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Discussion Starter · #1 ·
Hi everyone. I'm brand new to the forum and I'm hoping you can give me some advice.

My wife and I recently had our first child (a boy) and I'm looking to the future when I can introduce him to safe firearms practice and hunting. I know it's a long ways off, but I've got a project in mind and I know how long it takes me to get around to finishing things like this ;-)

My plan is to build my own little version of the Savage Rascal out of an old beat up Cooey. I'm comfortable with the gun smithing components of the project, but my woodworking experience has been "experimental" at best.

I'm planning to make the stock out of layered color stained wood. Blue and gray. I'm not even sure what this process is called, but I often see it used on hunting knife handles. The knives often use strips of veneer glued together, but as this will be much thicker than half of a knife handle, I'm hoping to use thicker strips.

Can anyone point me in the direction of a good tutorial for this? Whether it be on this forum, another website, or even a book (how archaic!) ;-)

I appreciate your help! Thanks everyone!
 

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Try Coiseneau (not sure I spelled that right) wood products, the sell gun stock blanks already laminated up in many different color combos.
 

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First off, Welcome KodiakJack and congratulations to the new addition of your family! The process is called Laminating and is not that difficult to do. Do you have access to woodworking machines? A planner to flatten the face of each layer prior to glue up would be very helpful. A bandsaw to rough out the general shape of the stock would be handy too. The barrel channel can be made with a router and the trigger group in-letted using a drill press and chisels. Of course this can also be all done using hand tools, just takes longer. The curves of the stock can be made using files, rasps, drawknife or spokeshave. If you intend to checker the stock, well, this is an art unto itself requiring checkering tools.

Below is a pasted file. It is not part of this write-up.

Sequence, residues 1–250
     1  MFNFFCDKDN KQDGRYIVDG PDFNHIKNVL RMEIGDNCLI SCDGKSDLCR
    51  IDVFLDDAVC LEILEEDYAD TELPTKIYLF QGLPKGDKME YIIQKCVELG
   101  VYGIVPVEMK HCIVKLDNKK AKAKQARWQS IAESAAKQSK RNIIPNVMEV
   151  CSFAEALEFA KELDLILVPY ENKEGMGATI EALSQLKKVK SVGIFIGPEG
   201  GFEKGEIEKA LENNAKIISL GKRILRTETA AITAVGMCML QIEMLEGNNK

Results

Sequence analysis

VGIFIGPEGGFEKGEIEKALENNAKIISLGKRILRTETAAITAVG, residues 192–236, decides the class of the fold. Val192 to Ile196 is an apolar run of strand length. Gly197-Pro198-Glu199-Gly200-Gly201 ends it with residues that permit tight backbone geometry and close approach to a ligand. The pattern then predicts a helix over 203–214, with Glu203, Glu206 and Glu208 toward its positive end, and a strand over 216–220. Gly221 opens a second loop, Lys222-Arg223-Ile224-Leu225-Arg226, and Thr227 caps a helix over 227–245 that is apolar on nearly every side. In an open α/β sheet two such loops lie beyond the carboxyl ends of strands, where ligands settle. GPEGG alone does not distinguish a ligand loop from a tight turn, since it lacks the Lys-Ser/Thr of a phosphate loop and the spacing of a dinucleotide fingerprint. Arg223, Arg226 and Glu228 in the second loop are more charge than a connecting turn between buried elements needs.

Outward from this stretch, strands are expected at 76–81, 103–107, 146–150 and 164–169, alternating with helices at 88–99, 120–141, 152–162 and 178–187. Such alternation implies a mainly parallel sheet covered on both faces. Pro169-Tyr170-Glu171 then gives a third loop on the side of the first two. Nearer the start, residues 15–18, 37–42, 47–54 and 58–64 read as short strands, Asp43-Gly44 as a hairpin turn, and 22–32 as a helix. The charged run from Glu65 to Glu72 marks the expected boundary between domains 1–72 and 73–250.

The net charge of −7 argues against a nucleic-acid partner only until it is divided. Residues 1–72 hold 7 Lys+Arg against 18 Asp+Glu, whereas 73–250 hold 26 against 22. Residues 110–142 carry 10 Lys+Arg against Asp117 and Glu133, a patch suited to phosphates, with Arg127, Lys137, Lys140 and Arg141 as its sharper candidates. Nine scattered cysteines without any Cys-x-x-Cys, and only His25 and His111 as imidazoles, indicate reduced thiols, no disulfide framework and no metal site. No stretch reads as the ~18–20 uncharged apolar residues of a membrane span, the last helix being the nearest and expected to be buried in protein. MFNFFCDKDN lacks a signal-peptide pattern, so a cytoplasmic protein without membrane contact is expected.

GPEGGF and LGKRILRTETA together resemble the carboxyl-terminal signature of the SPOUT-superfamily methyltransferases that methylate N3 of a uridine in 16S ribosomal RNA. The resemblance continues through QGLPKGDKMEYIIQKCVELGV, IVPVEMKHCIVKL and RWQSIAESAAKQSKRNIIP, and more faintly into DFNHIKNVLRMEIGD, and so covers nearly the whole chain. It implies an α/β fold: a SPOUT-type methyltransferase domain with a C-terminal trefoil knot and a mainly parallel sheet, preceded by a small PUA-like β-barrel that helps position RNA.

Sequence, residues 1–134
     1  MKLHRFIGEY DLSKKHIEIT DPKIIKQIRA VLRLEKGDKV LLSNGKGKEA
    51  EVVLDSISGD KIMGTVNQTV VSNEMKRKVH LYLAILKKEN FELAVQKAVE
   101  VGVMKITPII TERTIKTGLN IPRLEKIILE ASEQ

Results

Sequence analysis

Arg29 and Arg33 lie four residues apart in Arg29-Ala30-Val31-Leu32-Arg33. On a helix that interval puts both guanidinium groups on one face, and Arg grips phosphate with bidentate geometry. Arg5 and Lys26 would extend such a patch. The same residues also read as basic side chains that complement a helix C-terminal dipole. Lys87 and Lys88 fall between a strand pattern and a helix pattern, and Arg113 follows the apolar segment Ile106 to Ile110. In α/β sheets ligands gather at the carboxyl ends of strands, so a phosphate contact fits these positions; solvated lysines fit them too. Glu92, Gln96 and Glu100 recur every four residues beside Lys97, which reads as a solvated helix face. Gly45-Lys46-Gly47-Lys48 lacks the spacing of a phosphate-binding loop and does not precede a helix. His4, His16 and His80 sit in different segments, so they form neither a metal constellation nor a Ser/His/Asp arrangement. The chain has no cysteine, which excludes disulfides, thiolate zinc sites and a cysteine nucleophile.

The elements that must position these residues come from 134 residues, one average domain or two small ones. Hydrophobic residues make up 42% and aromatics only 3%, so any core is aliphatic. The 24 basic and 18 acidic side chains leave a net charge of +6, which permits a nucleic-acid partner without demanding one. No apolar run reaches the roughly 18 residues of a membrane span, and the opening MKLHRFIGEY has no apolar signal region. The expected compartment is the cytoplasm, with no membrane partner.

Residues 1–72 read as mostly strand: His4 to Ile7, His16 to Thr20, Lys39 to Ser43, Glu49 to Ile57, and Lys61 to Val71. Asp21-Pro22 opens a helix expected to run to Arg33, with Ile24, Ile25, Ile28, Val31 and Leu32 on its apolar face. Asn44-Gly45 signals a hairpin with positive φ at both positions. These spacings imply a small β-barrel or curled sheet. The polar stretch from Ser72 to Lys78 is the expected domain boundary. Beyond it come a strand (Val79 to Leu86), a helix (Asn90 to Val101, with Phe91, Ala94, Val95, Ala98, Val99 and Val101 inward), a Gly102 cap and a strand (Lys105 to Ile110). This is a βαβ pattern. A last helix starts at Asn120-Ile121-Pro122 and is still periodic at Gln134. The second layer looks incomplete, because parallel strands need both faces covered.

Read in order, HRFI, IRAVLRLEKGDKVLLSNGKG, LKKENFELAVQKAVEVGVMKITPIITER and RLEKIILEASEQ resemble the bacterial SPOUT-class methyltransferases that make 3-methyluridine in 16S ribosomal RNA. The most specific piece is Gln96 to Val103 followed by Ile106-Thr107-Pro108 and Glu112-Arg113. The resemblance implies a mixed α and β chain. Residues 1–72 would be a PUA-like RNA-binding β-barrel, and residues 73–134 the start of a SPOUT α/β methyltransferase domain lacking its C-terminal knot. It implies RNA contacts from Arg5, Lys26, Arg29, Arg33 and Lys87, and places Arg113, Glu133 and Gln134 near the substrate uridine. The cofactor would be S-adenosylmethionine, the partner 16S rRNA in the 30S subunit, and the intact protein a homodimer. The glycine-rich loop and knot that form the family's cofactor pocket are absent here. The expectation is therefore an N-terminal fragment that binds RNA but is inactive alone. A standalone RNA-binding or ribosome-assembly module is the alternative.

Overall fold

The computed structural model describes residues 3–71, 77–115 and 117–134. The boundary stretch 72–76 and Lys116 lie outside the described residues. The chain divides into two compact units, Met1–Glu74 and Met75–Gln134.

You can also buy a blank and just do the final fitting. In either case it's a labor of love that your son will be sure to appreciate. Regardless of which method you embark on don't hesitate to ask questions at any stage. Also, do a search for gun stocks on the forum here. There are a couple of members that have made some beautiful stocks. I'm sure they will be along shortly to offer their advice.
 

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Discussion Starter · #5 ·
Thanks for your help folks. I appreciate the input about premade stocks, but they're all a little too big for what I have in mind. Most of those stocks are 34 inches long, whereas the entire length of the savage rascal is just 31 inches.

On top of that, I really like the idea of giving him something I've built myself.

So does anyone have a favorite tutorial for "laminating"?
 

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Laminating is simply the process of gluing different layers of wood together in a stack. Then you either clamp it using a whole bunch of clamps, or you compress it using a vacuum system.

What this means is you can pretty much forget about gluing stained or dyed boards into a laminate. If you absolutely must have Blue and Grey, your best bet is one of the plastic laminates that come and have just the basic rifle shape. From there you can cut and shape it as you like, even if that means making it shorter.